Only in Kansas can lawmakers take 70 pages to say, in essence, “life begins at fertilization.” That’s exactly what they’ve done in HB 2253, which has just passed a state House committee.
According to its accompanying fiscal note, HB 2253 “would enact eight new statutory provisions commonly known as the ‘personhood measure.’ It would declare that the life of each human being begins at fertilization; that unborn children have interests in life, health and well-being that should be protected; and that parents of unborn children have protectable interests in the life, health and well-being of such children. In addition, HB 2253 would provide that, with limited exception, the laws of Kansas shall be interpreted and construed to acknowledge that an unborn child has all the rights, privileges and immunities available to other persons of the state.”
What does that mean in layperson’s terms? It means state lawmakers will have another go at revamping the information that goes into the state’s “informed consent” materials, including a renewed push to say that abortion causes cancer. They will also get a second chance at forcing the University of Kansas School of Medical to stop training doctors on abortion procedures, even though such procedures are often used in miscarriage management.
And it’s a return to the item-by-item tax code-combing that caused Elizabeth Nash, state issues manager at the Guttmacher Institute’s Washington, D.C., office, to tell Raw Story in March 2012 that “[s]omebody spent hours, if not days, combing through the entire Kansas tax code to find every spot where you could possibly prevent abortion providers from being a non-profit healthcare provider. It’s really amazing …. Somebody spent days trying to figure out how to manipulate the tax code to disqualify abortion providers. That is a level above and beyond what we have ever seen.”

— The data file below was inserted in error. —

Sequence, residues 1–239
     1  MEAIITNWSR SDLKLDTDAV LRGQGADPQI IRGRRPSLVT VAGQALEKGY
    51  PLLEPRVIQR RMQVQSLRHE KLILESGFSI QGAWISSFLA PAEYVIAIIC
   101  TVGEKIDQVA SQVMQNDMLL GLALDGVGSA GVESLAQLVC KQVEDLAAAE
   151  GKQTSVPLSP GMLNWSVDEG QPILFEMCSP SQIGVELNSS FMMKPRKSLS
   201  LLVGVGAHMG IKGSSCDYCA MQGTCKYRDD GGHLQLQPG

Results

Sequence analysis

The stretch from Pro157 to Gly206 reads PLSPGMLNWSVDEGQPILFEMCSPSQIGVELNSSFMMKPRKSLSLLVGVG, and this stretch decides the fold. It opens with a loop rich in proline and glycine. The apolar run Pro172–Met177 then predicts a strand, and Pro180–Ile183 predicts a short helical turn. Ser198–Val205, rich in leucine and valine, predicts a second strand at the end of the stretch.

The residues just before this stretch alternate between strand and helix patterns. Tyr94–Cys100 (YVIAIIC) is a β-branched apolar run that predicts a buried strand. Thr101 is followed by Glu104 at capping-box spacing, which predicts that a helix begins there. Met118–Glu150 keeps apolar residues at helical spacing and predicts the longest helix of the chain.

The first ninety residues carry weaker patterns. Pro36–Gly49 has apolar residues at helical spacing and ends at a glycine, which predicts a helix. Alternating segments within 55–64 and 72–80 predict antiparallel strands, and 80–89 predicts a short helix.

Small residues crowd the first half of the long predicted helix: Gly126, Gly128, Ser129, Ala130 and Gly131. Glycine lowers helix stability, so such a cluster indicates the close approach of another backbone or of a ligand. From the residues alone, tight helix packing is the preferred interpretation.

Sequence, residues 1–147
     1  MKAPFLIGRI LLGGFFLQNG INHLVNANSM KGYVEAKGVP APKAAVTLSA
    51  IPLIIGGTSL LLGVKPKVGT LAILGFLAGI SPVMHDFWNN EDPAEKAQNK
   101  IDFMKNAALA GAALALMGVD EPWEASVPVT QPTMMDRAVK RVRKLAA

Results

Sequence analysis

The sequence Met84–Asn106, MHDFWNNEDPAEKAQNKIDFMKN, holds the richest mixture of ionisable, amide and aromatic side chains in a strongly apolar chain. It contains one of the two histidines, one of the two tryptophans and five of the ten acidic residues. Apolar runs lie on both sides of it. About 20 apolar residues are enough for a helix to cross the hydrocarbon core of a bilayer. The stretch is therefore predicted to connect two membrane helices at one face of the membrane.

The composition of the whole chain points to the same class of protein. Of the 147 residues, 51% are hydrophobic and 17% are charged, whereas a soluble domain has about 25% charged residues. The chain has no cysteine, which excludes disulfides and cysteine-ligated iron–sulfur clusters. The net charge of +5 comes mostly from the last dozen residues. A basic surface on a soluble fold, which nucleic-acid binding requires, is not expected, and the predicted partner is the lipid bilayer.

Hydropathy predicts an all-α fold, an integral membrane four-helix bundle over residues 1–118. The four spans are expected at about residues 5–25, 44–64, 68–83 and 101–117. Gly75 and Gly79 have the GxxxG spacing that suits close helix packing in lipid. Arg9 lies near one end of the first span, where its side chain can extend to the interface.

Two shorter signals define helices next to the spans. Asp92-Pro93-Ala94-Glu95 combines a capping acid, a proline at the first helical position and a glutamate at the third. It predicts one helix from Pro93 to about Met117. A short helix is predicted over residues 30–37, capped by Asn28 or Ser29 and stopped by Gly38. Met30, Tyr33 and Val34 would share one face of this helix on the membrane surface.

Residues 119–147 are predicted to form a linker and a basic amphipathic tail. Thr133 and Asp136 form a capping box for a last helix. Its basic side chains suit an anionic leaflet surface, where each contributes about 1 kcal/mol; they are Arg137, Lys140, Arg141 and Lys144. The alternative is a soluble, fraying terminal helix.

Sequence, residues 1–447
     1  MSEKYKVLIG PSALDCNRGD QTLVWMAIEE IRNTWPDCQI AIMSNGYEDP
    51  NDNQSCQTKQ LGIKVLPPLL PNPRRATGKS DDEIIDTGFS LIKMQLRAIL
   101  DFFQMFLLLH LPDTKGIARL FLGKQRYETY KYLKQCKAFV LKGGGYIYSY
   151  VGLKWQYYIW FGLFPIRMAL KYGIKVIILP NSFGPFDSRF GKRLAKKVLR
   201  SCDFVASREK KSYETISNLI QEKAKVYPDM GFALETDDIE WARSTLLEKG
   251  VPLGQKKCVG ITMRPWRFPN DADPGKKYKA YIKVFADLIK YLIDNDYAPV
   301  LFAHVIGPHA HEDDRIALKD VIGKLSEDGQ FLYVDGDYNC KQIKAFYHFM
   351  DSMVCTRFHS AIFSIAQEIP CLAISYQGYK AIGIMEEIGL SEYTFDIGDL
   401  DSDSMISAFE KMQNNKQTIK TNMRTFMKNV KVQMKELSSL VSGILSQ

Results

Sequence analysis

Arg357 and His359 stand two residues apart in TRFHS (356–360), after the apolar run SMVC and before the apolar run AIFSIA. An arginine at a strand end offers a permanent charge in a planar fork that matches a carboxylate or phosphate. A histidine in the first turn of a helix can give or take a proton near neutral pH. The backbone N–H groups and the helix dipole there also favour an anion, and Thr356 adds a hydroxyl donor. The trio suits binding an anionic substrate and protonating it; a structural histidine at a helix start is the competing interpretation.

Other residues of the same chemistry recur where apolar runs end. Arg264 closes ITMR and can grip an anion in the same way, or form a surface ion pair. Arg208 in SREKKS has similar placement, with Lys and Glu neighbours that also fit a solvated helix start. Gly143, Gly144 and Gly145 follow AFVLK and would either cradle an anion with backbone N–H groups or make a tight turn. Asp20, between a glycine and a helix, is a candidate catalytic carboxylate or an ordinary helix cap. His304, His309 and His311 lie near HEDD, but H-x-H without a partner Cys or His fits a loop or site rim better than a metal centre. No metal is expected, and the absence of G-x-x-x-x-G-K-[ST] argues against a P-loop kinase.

Sex. Abortion. Parenthood. Power.
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Even the lawmakers who wrote the bill admit, in the fiscal note, that the legislation is so sweeping they have no idea what it will cost the state, especially once all the tax details are brought into the picture. “The Kansas Department of Revenue states that no information exists to accurately estimate the amount and number of taxpayers that would be required to add expenses to income, lose credits due to expenses or donations being disallowed, or the amount of sales taxes collected due to the loss of a sales tax exemption. Therefore, the fiscal effect of HB 2253 on state sales and income tax revenues cannot be estimated,” they wrote.
In other words, even they have no idea exactly what impact their new law would have on the state.
#ksleg was as meticulous abt healthcare provision in every area as they are abt abortion, we’d be the healthiest state in the US,” tweeted a representative from the Kansas chapter of the National Organization for Women from the committee hearing.
The bill will now head for a vote in the full Kansas House.